I have written about this elsewhere, but I feel I should address the problems with rk2001's calculations. I agree absolutely with Jaez that these kinds of arguments are quite separate from moral or philosophical discussions about religion. Perhaps this is the scientific version of "If the Bible wasn't full of things you disagree with, would you start believing in God? - that is, "If I can prove that proteins CAN occur randomly, would you STOP believing in God?". I sure hope not, since it suggests your faith is on shaky foundations...

In fact, rk2001 has fallen into the exact same trap as many scientists - "if it has maths in, it must be true". The final figure given is already unimaginably large, but still an under-estimate! You might consider things like: availability of each amino acid, reversibility of peptide bond formation, cyclic peptide side-products etc etc. The worst counter-argument would be to go into a detailed study of these numbers, with probabilities and models and whatnot. This would only further put off anyone reading - and would only invite accusations of confusing the issue.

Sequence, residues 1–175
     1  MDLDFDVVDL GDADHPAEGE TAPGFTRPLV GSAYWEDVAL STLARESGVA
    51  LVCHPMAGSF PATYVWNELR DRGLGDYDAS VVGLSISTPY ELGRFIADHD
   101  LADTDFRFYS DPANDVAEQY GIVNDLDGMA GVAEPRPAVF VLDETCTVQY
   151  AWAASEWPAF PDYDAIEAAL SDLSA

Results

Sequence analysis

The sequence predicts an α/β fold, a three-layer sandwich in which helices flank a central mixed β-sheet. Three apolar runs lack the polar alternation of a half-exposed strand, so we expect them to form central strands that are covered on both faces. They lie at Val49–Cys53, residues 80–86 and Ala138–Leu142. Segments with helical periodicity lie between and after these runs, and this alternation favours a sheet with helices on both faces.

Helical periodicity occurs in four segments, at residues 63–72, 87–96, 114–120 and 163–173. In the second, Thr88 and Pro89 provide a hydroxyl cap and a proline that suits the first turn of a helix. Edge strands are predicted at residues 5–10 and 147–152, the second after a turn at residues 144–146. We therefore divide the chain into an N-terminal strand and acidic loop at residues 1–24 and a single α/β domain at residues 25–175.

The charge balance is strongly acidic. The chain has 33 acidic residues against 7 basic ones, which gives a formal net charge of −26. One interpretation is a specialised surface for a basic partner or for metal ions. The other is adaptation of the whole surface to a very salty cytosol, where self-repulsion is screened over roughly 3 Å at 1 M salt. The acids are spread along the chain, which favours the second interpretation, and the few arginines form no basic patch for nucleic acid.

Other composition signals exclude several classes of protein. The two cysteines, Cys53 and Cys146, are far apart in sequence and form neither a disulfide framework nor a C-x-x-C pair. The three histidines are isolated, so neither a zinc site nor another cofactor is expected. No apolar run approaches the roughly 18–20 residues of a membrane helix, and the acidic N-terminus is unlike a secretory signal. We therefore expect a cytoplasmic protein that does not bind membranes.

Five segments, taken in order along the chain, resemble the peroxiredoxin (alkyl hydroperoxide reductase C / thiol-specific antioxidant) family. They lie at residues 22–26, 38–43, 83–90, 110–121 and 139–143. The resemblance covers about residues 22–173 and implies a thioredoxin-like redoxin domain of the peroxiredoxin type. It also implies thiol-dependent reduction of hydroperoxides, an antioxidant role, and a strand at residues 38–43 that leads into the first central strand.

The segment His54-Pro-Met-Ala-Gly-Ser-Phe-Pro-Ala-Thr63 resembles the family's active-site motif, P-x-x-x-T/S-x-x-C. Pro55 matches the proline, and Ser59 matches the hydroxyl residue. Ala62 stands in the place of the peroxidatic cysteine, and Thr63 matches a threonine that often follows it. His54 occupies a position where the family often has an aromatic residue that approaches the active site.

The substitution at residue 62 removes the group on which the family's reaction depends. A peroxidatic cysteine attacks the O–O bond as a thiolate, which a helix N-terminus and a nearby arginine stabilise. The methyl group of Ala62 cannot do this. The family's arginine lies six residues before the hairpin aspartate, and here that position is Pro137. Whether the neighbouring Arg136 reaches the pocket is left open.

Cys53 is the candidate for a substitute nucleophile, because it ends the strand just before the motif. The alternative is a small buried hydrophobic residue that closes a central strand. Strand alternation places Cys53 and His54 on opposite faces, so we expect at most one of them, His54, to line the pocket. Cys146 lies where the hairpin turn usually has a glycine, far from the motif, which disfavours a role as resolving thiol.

However that kind of response is unecessary since the solution is much, much simpler. I refute the probability calculations thus:

I can make proteins from amino acids at random.

It's really quite simple, just boil up some amino acids and you get protein. Now, rk2001's calculations show that the probability of any particular protein (one whose sequence you decided on before you started) appearing in the mixture is very tiny. This matters not at all - nobody specified a particular protein, and we didn't get one.

So the statement "The Probability of a Protein Being Formed by Chance is Zero" is wrong. The maths might be right, but it's answering the wrong question. As it happens, there is a lot of theory to support much more complicated scenarios for life's origins - but I don't think that the 'truth' of religious belief will be decided in the labs of molecular biology.

I've just thought of an even better counter-argument : polyglycine. It's monomers are achiral, it cannot form anything but peptide bonds and sequence doesn't matter. Experiments have shown that (gly)n forms some secondary structure, so I can confidently class them as proteins. So simple its funny. :)